As the final rehearsal for the flypast at King Charles’ coronation has been completed, British authorities have announced how the unprecedented flying display will affect aviation in the London area this upcoming Saturday.
While commercial aviation should experience minimal disruption, smaller, private aircraft will likely be restricted from entering London airspace throughout most of the afternoon. Drones will also be affected by airspace restrictions during the hours before and after the flypast.
The display, set to include more than 60 aircraft, will begin at 2:15 PM when the newly-crowned King Charles’ and the Queen Consort will watch from Buckingham Palace’s famous Southeast Balcony.
After the conclusion of the flypast, the ceremonial aircraft will scatter into the surrounding counties, two of which, East Anglia and Lincolnshire, will also be affected by flight restrictions. Airspace will also be under stricter control in areas of the North Sea during the afternoon of the coronation.
Photo: Royal Air Force
The Red Arrows’ legacy
The Red Arrows, the elite aerial stunt squadron of the Royal Air Force (RAF), is set to headline the display. The Arrows are a key part of British national identity and would certainly not be absent from a new leader’s coronation.
The flypast will mark 70 years since the flypast at the coronation of Queen Elizabeth, which featured the Arrows flying Gloster Meteor aircraft. Now, the flypast will represent not only a new era for the UK, but will also display the legacy of courage and skill the Red Arrows and their pilots represent.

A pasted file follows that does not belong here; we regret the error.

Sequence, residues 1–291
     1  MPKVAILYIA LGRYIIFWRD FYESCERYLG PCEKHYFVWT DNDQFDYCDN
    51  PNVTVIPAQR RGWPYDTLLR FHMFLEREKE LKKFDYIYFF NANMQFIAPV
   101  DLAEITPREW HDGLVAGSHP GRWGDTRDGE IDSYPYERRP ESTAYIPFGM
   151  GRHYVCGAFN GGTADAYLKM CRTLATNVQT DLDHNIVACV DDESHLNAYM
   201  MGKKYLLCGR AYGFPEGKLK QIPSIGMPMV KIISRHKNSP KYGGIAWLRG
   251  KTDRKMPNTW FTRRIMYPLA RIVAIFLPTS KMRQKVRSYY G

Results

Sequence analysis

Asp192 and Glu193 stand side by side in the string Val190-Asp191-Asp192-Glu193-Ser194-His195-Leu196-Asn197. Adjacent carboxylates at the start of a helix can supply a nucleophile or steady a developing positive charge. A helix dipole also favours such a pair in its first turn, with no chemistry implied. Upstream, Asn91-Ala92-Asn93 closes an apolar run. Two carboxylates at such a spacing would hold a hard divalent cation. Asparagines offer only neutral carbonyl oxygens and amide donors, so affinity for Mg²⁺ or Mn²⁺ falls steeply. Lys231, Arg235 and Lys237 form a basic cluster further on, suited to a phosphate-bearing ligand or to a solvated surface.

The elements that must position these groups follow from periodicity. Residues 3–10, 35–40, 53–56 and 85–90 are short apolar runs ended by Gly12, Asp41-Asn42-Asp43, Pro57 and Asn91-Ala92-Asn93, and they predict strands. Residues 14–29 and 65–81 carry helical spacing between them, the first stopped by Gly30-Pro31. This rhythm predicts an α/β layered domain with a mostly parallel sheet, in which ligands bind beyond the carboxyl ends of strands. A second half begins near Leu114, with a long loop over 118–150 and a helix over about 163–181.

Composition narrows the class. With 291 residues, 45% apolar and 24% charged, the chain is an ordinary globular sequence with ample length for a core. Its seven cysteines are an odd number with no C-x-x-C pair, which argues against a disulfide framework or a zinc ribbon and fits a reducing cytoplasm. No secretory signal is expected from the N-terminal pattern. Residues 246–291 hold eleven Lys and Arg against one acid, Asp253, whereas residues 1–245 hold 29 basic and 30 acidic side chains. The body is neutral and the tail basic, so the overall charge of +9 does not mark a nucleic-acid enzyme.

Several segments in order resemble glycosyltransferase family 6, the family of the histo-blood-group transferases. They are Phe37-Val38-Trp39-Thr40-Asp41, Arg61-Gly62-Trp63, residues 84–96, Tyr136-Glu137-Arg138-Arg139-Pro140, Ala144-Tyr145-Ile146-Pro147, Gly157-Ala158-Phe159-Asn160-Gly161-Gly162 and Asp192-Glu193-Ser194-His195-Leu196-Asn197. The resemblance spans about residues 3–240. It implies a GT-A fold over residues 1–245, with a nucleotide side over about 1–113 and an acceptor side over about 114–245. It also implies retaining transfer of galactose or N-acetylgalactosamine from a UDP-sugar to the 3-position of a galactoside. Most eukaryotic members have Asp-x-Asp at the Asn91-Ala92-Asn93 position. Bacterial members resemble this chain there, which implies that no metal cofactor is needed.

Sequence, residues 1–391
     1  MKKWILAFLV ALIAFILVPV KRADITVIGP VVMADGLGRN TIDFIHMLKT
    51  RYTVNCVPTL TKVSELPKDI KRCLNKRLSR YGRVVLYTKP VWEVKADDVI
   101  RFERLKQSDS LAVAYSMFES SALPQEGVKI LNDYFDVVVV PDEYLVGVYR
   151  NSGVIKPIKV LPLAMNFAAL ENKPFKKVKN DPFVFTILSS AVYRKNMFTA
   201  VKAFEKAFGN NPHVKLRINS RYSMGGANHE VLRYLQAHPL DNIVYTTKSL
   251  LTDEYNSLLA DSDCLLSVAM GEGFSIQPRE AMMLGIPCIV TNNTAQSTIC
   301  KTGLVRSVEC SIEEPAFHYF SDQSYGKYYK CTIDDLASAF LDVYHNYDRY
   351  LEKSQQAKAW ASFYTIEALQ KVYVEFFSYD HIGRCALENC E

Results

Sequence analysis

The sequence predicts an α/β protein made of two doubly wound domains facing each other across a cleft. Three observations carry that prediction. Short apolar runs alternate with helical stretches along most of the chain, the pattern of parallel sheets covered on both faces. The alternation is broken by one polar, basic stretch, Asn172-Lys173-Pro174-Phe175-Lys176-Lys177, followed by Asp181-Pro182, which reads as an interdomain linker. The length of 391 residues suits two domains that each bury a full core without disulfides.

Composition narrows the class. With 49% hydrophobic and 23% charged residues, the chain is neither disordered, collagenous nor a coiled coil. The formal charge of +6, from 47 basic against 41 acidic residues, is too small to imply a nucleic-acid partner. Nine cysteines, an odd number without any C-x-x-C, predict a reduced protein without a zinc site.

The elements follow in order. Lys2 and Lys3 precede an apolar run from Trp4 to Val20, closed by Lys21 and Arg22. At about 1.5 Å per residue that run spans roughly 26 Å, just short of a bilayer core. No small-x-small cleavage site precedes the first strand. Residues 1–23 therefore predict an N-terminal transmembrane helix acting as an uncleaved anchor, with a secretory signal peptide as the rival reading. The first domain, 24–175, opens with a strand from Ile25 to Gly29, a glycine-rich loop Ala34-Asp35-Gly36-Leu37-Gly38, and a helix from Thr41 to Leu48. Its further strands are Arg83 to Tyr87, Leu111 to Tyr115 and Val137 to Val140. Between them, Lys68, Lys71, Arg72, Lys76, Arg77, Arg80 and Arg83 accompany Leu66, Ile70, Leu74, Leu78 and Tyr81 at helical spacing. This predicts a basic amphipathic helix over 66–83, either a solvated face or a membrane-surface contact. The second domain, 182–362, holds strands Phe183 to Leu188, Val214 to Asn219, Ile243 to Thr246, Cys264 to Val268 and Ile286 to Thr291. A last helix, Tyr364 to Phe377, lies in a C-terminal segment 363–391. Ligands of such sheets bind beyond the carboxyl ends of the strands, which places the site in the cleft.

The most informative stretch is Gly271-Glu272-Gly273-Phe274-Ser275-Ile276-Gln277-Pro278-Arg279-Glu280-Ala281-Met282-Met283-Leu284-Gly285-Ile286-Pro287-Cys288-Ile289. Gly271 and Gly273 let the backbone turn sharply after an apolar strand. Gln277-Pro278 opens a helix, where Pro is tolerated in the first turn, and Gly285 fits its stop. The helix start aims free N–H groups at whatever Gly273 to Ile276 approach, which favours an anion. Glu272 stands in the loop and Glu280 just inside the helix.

The Red Arrows have performed for crowds around the world, notably including at the 2021 Dubai Air Show. Last November, the Arrows performed alongside an Airbus A380, a marvelous feat combining the agility of elite stunt pilots and the majestic nature of the world’s largest passenger aircraft.
Not your everyday flying display
While the Red Arrows usually fly alone, during this historic flypast, they will be accompanied by various other aircraft. Eurofighter Typhoons will also play a role in the flying display, symbolizing the prowess of both British and European engineering. An Airbus-built Atlas A400M will also take part in the event.
Many American-built aircraft will also be part of the display, including a squadron of Lockheed-Martin F-35 Lightning II all-purpose fighters and a pair of C-130J Hercules aircraft built by the same company. The presence of American-built aircraft will demonstrate that the strong and cherished connection between British and American aviation will continue under the new monarch’s reign.
Photo: Kev Gregory / Shutterstock
Another notable feature of the flypast will be an Avro Lancaster bomber, a medium-range heavy bomber that served as the linchpin of the RAF’s bombing force during the later years of World War II. The Lancaster, which flew when the last coronation flypast took place, will demonstrate the RAF’s history of loyalty to the British crown.
The flypast will truly be an event to behold, not just helping commemorate a new dawn in British history, but also demonstrating that British aviation remains strong, disciplined, and bold.